When a regulator tasks a water utility to cut leakages by 10 million litres per day, there is a clear business case to find a solution.
This was the reality for UK water supply and treatment utility Yorkshire Water, Andy Sewell, Telemetry Manager, told the audience at OSIsoft’s User Conference in London.
Half of Yorkshire Water’s 83,000km of distribution network constitutes ageing cast-iron pipework circa 1950s. Digging holes is costly, disruptive and lengthy so the utility turned to the predictive power of data.
Sewell said at the event in October 2017 that the utility has adopted an early leak identification solution in a bid to meet three core objectives - cut operating costs, meet leakage targets and prevent customer outages.
As the cost of advanced sensors has dropped, the business case for smart water deployments is more solid. And as Gary Wong, Global Water Industry Principal at real-time data management company OSIsoft, said in an Engerati webinar, a water utility can never have too much data.
In Yorkshire Water’s case, the utility utilised new technology within OSIsoft’s PI system, a platform to manage complex industrial sensor data, and increased its loggers to 6,800 flow and pressure sensors as part of its ‘Visible Networks’ project.
Sewell says: “The goal of the project is to increase analytical capability using existing network data to get early event warnings, reduce nuisance alarms and see events that we’ve been able to visualise before.”
The early leak identification solution comprises Profile Alarms, threshold alerts based around personalised parameters to more quickly detect problems.
The automated monitoring of flows and pressures in the clean water distribution system allow the system to check for anomalies such as a sudden drop in pressure. An increase in flow at a meter, or chain of meters, may indicate a leak will bring such events to the attention of the relevant staff.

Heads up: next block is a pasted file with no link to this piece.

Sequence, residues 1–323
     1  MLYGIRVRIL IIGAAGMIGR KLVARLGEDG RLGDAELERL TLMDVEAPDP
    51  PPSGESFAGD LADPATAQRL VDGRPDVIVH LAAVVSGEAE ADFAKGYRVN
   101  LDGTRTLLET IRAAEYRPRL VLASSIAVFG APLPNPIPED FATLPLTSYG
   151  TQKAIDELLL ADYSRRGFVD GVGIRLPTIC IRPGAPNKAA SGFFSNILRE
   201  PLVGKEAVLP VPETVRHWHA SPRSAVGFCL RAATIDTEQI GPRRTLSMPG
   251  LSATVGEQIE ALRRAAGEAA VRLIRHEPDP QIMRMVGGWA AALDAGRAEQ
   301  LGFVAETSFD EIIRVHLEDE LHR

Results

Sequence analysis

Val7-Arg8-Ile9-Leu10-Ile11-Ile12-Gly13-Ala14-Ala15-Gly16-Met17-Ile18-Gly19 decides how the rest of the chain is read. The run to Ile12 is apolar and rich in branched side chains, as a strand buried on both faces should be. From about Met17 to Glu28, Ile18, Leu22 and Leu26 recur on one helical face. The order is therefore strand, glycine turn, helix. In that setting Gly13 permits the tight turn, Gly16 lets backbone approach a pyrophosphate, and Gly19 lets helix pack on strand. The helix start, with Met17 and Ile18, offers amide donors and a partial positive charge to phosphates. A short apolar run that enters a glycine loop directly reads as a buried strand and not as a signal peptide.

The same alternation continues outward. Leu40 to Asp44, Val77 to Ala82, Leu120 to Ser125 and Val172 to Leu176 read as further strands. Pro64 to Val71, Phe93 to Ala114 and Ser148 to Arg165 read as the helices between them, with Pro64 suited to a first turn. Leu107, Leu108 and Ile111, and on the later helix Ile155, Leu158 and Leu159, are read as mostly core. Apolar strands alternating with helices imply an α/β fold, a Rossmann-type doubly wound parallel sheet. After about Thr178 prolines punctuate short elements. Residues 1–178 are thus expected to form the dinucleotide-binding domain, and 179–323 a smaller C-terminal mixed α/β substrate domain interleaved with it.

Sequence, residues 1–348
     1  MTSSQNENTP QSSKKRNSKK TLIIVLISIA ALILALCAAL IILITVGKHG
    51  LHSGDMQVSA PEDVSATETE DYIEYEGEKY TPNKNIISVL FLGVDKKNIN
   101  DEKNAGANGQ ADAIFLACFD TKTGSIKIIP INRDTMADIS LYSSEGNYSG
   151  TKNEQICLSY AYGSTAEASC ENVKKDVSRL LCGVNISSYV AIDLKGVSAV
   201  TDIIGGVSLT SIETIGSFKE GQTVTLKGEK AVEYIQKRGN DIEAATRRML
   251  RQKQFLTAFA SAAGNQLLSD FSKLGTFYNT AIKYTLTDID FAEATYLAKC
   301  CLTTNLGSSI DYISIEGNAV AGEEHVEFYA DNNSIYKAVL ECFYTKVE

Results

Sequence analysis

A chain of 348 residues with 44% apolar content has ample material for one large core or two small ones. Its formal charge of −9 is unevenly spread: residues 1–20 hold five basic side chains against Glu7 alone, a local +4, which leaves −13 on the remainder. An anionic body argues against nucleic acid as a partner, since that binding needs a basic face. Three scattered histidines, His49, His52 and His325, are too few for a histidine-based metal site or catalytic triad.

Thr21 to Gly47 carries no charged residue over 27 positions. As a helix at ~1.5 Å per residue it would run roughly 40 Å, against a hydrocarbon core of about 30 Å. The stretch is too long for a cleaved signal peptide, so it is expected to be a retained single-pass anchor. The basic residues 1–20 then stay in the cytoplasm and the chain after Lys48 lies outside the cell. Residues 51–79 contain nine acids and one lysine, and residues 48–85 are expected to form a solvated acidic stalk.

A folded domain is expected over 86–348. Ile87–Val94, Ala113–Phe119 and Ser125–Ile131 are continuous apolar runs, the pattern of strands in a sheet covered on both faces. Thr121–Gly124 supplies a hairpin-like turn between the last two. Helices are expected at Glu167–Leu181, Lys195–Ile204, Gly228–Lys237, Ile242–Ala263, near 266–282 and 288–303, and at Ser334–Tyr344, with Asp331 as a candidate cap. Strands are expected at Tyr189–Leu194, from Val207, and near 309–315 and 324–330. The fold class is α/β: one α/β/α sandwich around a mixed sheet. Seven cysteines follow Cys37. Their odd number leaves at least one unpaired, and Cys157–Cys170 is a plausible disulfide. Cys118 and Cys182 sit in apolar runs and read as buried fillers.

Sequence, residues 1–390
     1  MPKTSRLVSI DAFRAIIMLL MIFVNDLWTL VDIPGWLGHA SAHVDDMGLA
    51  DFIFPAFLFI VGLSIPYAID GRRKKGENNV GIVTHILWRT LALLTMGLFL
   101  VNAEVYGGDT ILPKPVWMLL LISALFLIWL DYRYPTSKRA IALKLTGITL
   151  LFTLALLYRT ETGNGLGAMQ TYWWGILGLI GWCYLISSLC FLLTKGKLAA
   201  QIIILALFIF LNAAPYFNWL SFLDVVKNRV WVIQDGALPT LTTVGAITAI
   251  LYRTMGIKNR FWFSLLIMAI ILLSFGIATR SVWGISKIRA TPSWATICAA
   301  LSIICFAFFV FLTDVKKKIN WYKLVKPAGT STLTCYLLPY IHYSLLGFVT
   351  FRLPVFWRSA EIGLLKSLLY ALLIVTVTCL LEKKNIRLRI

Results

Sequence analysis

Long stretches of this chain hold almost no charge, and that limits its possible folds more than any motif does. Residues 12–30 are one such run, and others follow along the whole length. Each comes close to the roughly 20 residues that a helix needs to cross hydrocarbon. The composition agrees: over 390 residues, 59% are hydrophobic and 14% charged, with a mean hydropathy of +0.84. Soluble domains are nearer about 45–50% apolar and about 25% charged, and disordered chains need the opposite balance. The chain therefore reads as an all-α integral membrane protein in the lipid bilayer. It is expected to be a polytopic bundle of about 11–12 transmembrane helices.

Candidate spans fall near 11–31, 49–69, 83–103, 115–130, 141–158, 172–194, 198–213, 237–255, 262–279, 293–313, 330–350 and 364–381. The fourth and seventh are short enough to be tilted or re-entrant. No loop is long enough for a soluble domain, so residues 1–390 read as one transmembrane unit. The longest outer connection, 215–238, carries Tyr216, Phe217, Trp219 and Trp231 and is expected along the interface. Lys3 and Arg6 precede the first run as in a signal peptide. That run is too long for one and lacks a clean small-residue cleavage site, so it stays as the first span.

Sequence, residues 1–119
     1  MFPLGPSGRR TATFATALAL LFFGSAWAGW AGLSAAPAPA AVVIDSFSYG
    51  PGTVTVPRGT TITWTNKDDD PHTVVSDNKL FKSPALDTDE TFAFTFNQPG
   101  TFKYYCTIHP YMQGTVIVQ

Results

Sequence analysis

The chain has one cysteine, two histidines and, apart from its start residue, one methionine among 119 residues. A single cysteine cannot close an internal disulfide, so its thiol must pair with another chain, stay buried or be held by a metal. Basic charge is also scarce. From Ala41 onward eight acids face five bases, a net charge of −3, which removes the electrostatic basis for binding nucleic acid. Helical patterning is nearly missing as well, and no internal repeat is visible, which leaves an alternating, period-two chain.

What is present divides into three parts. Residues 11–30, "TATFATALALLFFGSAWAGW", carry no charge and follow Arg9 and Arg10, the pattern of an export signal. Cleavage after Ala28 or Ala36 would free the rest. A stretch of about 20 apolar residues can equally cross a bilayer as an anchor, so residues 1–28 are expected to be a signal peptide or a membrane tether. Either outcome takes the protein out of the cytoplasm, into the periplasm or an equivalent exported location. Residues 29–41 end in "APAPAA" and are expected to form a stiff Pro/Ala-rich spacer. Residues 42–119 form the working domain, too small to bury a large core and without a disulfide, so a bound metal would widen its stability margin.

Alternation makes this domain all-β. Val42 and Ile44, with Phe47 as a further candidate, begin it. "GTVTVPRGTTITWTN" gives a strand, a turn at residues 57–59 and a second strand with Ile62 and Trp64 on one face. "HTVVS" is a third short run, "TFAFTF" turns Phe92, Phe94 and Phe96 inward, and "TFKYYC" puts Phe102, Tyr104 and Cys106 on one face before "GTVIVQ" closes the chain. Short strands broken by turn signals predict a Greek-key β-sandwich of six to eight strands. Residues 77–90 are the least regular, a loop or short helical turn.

The project is at deployment stage and is being tested on live data with a 96% accuracy rate.
By using predictive analytics, says Sewell, Yorkshire Water can detect and resolve a leak within 10 days compared to 30 days to dig and repair a leak.
Harness data to predict rainfall
Another presentation at the OSIsoft conference demonstrated again the business value of data-based prediction.
United Utilities, a water distribution company in North-West England, presented how it is harnessing the power of predictive analytics to prevent combined sewer overflows.
By monitoring chamber water levels and responding to alarms to remove blockages or load balancing via an active system control, the utility can prevent the combined sewer overflows releasing untreated sewage into the environment during times of heavy rainfall.
United Utilities teamed up with the University of Exeter to develop a methodology based on the analysis of combined sewer overflows water levels as well as observed and forecasted rainfall data by means of Evolutionary Artificial Neural Networks.
The pair used PI System components to create a fully automated prototype system that can predict water levels up to six hours ahead with an 80-90% accuracy.
For Kevin Woodward, OT Strategy Manager at United Utilities, also presenting at the OSIsoft Users Conference, the business value of predictive overflow management is the potential to reduce Totex (Capex and Opex combined) as well as achieving regulatory and customer commitments.
Woodward gives an example of using real-time data to cut operational costs. United Utilities and the University of Exeter have developed algorithms to predict consumer water demand 24 hours in advance with 98% accuracy with the outcome of minimising pump usage and therefore energy consumption.
Dr. Michele Romano, who works for United Utilities in the Operational Technology data analytics team, asserts that the proof of concept shows that: “Agile development can be achieved by making real-serious data readily available. That allowed us to develop, test and validate methodologies.”
The next step for United Utilities is to scale up the project. The proof of concept was tested on two combined sewer overflows but there are plans to extend it to half a dozen more. “One of the main strengths of a data-driven neural network is that it is portable and can be moved across sites,” says Woodward.